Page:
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Millennial Review started as a simple Tumblr page in 2015 with a small goal, support Bernie Sanders. He was a relatively unknown curmudgeonly socialist from Vermont. Exactly what we were looking for.

Well, maybe not exactly, but the closest thing we’d seen in American politics in our lifetime. In the months that followed we connected tens of thousands of committed activists, thinkers, and posters. Millions of impressions later, we’re still championing the vision of justice which attracted us to Bernie Sanders to begin with.

Outside of producing leftist content co-founder Trevor Memmott is a PhD candidate at Indiana University School of Environmental and Public Affairs. And co-founder Justin Ackerman is a law student at UCLA School of Law. Both are committed socialists, avid readers, prolific podcast listeners and hope you take the time to read a bit, listen a bit, support the cause and most importantly spread the message!

Teachers Are the New American Working Class and Bernie Has Their Back

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Bernie Sanders recently unveiled legislation aimed at bringing starting teacher salaries to at least $60,000 in every state. This move is a much needed step toward ensuring teachers are compensated adequately enough that our teaching programs can attract top talent that our schools can take advantage of. More importantly though, it represents a stable floor for some of Americas most important and seemingly eager to radicalize working class citizens.

That’s right, I said teachers are working class. In my mind what was once a professional aspiration has now become the frontlines of the working class in the modern global economy. Which makes sense, our economy is one increasingly bent on “knowledge based work” such as content production (traditional journalism, to television, to YouTube and whatever else), academia, professional class pursuits like law, medicine, or others, or many other like pursuits, including even teaching itself. Without teachers and the decades of training they provide our students, none of these pursuits are possible.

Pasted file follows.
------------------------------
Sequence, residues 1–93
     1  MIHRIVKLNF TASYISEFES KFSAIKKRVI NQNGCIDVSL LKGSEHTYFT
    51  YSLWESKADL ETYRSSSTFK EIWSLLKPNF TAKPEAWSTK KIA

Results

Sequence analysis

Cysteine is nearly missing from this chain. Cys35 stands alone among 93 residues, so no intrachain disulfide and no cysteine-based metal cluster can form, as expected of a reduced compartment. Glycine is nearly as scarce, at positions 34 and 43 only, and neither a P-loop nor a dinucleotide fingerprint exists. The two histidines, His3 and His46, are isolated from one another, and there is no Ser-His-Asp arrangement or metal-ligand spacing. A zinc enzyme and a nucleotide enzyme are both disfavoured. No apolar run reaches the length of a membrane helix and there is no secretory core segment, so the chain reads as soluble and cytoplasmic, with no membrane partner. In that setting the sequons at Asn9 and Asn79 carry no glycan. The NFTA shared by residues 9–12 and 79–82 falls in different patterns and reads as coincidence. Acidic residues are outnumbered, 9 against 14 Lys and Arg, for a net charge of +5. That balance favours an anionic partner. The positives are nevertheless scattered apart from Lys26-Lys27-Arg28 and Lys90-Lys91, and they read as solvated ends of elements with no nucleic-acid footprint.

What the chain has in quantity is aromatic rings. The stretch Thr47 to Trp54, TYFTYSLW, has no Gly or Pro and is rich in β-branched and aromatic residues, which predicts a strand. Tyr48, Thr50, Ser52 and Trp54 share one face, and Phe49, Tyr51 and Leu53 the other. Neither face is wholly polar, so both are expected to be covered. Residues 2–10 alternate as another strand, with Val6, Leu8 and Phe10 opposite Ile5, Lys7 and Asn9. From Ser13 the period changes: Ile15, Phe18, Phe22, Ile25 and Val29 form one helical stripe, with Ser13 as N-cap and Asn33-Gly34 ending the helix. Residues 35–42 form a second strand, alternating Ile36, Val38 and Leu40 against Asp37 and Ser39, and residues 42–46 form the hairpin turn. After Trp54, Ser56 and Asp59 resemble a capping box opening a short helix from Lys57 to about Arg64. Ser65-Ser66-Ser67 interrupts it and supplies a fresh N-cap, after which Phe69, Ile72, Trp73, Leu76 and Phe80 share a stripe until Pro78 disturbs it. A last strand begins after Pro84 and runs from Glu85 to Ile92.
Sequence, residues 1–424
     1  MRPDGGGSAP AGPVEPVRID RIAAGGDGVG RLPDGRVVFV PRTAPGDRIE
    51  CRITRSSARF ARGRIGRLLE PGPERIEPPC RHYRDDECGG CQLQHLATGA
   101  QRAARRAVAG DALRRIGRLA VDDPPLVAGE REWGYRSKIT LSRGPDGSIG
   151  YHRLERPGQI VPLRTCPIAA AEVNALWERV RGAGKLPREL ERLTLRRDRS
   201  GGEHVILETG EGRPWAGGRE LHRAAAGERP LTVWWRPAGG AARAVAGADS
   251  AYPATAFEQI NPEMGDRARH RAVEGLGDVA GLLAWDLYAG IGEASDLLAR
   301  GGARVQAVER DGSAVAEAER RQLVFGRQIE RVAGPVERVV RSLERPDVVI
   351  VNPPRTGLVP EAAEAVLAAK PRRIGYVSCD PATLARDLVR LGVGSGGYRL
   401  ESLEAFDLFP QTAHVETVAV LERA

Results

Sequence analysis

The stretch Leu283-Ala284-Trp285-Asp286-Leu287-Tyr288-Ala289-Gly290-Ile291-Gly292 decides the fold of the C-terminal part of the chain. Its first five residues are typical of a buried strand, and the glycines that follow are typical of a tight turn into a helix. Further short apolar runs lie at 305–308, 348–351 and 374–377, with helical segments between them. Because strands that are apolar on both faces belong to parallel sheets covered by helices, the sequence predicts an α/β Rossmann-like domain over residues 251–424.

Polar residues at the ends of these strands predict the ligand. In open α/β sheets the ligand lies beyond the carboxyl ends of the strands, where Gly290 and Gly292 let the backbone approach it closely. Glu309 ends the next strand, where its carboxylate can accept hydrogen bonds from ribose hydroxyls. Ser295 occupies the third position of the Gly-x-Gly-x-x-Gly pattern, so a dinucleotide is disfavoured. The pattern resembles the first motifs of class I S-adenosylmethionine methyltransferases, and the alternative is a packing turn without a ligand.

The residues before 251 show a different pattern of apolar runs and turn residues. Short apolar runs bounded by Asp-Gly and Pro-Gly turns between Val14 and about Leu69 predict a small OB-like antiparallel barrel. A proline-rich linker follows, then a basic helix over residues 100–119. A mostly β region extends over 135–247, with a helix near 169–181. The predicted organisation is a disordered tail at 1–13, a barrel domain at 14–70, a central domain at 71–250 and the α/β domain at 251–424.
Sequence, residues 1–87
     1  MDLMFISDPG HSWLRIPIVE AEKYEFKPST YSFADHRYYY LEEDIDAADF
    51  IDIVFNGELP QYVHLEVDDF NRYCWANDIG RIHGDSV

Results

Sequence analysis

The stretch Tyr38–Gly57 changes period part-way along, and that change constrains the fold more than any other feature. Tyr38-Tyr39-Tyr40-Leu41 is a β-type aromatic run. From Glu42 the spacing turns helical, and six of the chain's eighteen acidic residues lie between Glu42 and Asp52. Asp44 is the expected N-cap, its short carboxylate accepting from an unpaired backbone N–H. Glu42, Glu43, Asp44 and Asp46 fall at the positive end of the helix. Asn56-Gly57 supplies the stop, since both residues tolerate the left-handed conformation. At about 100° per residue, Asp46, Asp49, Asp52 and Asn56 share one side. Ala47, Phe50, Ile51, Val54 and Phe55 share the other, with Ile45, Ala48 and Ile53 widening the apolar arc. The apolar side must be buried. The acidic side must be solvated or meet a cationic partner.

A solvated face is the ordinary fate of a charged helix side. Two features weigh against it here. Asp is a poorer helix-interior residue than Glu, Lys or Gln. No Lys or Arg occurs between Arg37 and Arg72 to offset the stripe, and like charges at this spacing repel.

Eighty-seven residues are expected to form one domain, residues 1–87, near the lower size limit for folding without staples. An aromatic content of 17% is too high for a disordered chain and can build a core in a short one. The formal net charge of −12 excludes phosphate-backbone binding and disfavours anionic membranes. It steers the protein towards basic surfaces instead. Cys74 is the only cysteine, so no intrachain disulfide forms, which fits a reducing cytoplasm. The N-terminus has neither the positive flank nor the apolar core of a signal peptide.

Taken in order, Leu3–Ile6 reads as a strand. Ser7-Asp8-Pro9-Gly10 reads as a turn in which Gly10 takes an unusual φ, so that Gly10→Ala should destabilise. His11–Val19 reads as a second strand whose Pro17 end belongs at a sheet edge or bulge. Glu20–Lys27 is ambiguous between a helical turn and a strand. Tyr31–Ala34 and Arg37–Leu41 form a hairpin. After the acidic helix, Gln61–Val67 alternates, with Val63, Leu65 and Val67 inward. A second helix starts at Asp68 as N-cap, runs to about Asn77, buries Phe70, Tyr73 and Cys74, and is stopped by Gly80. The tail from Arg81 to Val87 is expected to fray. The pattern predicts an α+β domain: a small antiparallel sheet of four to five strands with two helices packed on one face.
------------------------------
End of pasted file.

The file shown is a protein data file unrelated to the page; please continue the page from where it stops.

At their core, all of these fields and career paths require the ability to synthesize information and actually use it in some tangible and meaningful way. Which at its best is exactly what our schools allow students to do day after day. And again, as the economy becomes more information driven, more professionalized, and functioning within it depends more and more on one’s ability to work with that information, schooling and creating a school system which really emphasizes those skills, becomes even more important.

That push is already underway, initiatives like Common Core, misguided or not, aim to replace the sort of rote 8-hours of memorization a day model our industrial revolution era school structure designed to crank out factory workers, with something better suited for the critical analysis required for the information economy. Leading the charge in that restructuring are teachers all across the country and I think uncoincidentally, those same teachers are leading the charge for America’s working class.